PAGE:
cover image The Coming of the Night

The Coming of the Night

John Rechy. Grove Press, $24 (256pp) ISBN 978-0-8021-1650-5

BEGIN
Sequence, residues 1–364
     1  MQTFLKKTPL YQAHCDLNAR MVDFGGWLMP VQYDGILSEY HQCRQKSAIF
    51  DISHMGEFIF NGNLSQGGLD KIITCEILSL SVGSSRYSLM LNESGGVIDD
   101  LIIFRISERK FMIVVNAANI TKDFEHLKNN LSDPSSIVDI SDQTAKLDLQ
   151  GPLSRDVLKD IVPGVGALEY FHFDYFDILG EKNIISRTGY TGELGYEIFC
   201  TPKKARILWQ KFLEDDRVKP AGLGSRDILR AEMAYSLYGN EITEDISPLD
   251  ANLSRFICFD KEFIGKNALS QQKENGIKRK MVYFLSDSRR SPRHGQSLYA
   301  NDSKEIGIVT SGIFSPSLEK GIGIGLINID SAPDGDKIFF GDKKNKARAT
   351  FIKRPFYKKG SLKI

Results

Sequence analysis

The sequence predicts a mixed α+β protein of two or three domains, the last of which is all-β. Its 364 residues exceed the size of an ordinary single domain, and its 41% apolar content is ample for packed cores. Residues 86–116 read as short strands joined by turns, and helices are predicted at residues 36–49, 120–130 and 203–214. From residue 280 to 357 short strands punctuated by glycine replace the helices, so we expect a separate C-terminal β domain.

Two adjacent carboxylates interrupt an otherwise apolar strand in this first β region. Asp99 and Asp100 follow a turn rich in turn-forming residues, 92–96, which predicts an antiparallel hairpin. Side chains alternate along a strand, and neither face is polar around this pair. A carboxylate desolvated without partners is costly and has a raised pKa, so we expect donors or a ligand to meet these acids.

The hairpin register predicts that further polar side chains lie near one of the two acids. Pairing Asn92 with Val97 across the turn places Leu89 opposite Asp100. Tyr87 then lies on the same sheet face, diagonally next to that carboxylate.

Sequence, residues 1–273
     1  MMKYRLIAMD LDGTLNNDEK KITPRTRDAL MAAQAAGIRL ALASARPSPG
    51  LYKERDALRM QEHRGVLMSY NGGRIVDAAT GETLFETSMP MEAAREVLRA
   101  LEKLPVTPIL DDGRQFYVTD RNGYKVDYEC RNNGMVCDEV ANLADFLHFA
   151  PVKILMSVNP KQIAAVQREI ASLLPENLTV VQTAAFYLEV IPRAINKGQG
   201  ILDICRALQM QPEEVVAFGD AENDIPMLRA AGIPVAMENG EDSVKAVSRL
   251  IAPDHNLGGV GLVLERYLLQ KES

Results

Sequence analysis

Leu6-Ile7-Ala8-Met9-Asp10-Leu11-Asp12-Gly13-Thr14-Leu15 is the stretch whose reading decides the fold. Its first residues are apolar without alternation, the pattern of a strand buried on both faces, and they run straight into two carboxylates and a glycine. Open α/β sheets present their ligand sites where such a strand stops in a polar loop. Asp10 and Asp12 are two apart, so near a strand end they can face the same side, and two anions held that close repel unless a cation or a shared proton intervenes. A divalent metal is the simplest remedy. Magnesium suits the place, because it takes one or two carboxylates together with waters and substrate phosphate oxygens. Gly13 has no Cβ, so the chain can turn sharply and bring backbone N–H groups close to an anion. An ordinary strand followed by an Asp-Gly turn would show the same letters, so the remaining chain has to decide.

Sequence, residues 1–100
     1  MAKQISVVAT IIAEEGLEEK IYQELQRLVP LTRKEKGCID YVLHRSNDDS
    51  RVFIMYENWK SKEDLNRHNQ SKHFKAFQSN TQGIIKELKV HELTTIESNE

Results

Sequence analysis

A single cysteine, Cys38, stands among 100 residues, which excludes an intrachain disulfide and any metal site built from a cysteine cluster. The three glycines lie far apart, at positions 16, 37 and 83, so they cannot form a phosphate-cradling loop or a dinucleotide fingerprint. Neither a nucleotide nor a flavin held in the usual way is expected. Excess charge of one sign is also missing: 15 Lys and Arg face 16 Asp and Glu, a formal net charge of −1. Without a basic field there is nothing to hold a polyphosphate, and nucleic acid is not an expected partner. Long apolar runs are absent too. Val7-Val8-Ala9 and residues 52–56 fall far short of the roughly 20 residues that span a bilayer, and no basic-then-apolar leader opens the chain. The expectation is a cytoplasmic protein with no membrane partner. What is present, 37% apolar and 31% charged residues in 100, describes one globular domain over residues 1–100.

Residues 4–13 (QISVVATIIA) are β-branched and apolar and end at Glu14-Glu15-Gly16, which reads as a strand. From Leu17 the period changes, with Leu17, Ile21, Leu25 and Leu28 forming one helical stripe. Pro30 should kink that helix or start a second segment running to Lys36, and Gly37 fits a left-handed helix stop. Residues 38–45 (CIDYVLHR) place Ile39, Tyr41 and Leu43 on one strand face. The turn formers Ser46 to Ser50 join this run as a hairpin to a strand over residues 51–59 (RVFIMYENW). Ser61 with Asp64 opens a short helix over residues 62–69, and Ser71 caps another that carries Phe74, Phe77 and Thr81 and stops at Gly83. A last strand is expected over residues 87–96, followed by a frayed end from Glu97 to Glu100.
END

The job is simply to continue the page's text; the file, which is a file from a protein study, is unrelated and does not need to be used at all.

In a return to some of the themes of his first novel, the gay classic City of Night (1963), Rechy follows an ensemble cast of mainly gay characters over the course of one day in 1981 Los Angeles, just before the AIDS crisis hits. As the Santa Ana winds, said to provoke violence and desire, blow fire toward the city, the characters are introduced in short, interlaced sections. Beautiful Jesse, celebrating a year on the gay scene, plans to abandon himself to unlimited desire; Clint has fled troubling experiences in New York, where the first rumors of AIDS are surfacing; Dave, into leather and s&m, is looking for new and dangerous pleasures; Father Norris, a troubled priest, searches gay haunts for a young hustler named Angel, who supposedly has a tattoo of a naked Jesus on his back. Meanwhile, a trio of armed thugs is intent on gay bashing, and everyone moves inevitably toward a West Hollywood park, and tragedy. The gay characters are obsessed with sex, hustling, body building and cruising; sex scenes are plentiful, graphic in the extreme and certainly not for the squeamish. At the same time, Rechy doesn't skimp on plot, character or action, and the ingenious ending takes an unanticipated but thoroughly logical turn. In its gritty evocation of time and place, the novel goes beyond its narrow subject matter, reaching for a broader and deeper understanding of an era. (Aug.) FYI: Rechy recently received the William Whitehead Award for Lifetime Achievement at the 10th annual Publishing Triangle Awards for gay literature.